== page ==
Today it seems Russia is still looking for a beneficial transit link that would connect its mainland with the Kaliningrad Oblast. Yet, it is important to bear in mind some key facts as well as the chronology of specific activities regarding this. In 1994 a project called “On the Reconstruction of a Road Section from Gusev-Gołdap-Hrodna” began. It was already noticed then that the solution of this issue would require special international agreements with Poland, including an agreement on transit conditions. Since the Belarusian side would also play a key role in this project, Russia decided that signing the agreements could take place at the local levels.
The Russian ambassador in Warsaw at the time, Yuri Kashlev, while responding to questions in the monthly magazine Mieżdunarodnaja Żizń, said it would be most beneficial for Russia to build a Gusev-Gołdap-Suwałki-Hrodna corridor. The ambassador confirmed that his embassy received the task from the Kremlin to open a border crossing in Gołdap, Poland, based on bilateral agreements. The next step was to set up a transport corridor so that all goods should not be transferred through Lithuania. Kashalev’s statements were accompanied by numerous public declarations by Polish local authorities who also welcomed these developments. The Polish government appointed a proxy responsible for the coordination of activities between Poland and the Kaliningrad Oblast.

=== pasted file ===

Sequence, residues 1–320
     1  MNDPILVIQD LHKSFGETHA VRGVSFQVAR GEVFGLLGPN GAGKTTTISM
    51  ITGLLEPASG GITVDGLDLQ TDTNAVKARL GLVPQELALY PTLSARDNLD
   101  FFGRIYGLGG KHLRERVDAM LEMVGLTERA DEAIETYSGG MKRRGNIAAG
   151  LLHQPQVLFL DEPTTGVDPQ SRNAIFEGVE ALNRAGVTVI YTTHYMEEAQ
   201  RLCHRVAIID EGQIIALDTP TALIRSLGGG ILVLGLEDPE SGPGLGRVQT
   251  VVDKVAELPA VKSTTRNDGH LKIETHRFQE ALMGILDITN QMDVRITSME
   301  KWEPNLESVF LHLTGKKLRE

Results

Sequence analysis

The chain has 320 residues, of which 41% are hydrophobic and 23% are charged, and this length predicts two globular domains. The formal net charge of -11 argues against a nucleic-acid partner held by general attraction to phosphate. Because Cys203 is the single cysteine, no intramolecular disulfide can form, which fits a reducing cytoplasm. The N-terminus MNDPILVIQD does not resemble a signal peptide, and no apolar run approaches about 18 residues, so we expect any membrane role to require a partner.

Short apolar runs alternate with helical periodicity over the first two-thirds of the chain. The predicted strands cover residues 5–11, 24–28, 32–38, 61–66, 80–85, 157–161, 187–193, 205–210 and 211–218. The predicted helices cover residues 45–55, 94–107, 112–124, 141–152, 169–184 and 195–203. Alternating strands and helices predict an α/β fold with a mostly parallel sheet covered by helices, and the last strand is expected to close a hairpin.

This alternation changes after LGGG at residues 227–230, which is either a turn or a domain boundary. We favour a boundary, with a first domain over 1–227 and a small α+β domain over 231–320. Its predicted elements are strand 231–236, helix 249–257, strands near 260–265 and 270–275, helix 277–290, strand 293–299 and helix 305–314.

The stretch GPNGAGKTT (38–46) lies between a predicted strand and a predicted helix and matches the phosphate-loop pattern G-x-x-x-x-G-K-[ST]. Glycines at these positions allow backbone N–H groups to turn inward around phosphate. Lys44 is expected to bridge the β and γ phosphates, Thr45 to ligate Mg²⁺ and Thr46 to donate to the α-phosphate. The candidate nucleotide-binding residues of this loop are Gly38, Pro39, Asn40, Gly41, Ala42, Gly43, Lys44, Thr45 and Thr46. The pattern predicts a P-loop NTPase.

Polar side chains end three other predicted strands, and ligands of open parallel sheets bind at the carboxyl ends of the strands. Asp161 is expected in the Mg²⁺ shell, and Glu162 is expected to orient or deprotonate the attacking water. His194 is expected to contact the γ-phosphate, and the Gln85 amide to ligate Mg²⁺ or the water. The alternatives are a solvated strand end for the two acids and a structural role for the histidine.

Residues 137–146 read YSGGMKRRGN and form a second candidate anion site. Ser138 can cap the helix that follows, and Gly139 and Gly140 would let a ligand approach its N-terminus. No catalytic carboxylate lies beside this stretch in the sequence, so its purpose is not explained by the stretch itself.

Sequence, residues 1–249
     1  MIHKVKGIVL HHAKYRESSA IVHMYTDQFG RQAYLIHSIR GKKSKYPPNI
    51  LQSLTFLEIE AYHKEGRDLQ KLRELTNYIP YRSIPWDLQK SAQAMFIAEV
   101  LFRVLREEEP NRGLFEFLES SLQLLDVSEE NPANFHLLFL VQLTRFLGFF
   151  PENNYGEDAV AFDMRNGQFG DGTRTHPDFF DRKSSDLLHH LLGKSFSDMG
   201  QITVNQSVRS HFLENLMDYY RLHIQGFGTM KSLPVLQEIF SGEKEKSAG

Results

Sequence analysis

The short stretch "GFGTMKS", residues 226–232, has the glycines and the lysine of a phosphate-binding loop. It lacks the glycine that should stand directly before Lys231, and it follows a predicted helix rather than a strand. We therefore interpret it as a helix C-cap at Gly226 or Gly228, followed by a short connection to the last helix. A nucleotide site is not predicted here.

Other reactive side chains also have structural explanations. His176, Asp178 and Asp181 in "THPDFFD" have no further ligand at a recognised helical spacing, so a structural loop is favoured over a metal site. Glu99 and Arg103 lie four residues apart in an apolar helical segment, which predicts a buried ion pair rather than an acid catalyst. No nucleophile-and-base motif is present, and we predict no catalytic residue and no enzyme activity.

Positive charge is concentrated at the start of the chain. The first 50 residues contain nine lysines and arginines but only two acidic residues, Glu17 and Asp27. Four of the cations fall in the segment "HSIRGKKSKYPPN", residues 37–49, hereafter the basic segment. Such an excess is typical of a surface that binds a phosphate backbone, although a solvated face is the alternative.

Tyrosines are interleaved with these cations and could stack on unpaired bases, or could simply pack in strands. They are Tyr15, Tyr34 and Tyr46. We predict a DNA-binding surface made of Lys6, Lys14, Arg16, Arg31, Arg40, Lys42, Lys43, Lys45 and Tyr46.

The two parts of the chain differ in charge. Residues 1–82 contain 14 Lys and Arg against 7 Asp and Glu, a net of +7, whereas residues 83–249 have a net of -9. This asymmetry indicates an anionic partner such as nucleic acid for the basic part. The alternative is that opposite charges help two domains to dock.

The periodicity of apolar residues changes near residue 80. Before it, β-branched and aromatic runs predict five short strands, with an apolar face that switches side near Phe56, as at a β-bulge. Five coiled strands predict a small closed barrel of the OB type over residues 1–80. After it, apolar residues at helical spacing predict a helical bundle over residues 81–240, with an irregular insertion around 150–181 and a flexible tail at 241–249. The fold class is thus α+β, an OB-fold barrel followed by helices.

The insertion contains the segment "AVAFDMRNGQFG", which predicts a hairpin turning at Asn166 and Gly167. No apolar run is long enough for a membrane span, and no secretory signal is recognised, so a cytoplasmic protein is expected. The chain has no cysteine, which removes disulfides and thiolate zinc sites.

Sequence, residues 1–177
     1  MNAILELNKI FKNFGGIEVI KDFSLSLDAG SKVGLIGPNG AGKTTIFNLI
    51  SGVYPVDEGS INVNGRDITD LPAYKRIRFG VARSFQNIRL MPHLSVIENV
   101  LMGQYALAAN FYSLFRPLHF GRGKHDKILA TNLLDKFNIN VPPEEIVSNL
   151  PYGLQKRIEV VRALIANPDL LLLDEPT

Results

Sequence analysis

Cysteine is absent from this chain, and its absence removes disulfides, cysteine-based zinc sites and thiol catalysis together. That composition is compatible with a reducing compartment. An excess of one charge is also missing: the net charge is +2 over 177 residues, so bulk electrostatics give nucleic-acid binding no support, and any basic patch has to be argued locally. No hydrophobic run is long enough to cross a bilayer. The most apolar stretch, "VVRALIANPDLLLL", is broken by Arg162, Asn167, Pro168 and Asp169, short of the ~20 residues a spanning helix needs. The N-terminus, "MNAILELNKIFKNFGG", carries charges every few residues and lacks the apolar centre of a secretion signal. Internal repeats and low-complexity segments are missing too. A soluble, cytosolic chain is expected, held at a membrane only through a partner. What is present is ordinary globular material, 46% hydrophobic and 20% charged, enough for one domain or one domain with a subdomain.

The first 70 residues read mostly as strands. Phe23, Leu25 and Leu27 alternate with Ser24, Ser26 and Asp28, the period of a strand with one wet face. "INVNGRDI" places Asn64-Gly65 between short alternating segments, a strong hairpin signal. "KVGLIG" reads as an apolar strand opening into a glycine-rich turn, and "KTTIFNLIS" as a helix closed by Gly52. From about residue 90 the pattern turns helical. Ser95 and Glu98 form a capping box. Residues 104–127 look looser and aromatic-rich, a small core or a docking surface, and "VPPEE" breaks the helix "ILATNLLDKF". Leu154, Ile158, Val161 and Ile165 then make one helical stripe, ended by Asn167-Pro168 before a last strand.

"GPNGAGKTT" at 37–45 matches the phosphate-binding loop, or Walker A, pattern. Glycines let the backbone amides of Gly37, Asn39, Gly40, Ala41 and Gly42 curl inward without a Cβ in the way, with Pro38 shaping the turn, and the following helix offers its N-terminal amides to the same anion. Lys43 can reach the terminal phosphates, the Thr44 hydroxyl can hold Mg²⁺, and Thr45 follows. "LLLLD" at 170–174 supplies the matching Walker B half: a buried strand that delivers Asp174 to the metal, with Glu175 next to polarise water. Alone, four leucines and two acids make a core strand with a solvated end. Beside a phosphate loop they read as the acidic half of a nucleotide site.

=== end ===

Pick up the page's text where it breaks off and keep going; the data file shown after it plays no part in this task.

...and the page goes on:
S: April fools